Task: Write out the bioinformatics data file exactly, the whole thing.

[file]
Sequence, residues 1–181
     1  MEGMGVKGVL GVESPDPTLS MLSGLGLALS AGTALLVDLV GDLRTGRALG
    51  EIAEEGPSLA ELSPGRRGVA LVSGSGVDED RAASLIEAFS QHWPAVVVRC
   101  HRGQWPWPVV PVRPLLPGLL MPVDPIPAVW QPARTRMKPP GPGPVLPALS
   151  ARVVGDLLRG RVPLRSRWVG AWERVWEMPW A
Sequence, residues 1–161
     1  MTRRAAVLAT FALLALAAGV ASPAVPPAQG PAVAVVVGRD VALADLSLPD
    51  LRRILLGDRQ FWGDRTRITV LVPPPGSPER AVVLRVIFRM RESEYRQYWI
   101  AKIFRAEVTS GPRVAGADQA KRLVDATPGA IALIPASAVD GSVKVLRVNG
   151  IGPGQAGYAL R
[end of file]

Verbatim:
Sequence, residues 1–181
     1  MEGMGVKGVL GVESPDPTLS MLSGLGLALS AGTALLVDLV GDLRTGRALG
    51  EIAEEGPSLA ELSPGRRGVA LVSGSGVDED RAASLIEAFS QHWPAVVVRC
   101  HRGQWPWPVV PVRPLLPGLL MPVDPIPAVW QPARTRMKPP GPGPVLPALS
   151  ARVVGDLLRG RVPLRSRWVG AWERVWEMPW A
Sequence, residues 1–161
     1  MTRRAAVLAT FALLALAAGV ASPAVPPAQG PAVAVVVGRD VALADLSLPD
    51  LRRILLGDRQ FWGDRTRITV LVPPPGSPER AVVLRVIFRM RESEYRQYWI
   101  AKIFRAEVTS GPRVAGADQA KRLVDATPGA IALIPASAVD GSVKVLRVNG
   151  IGPGQAGYAL R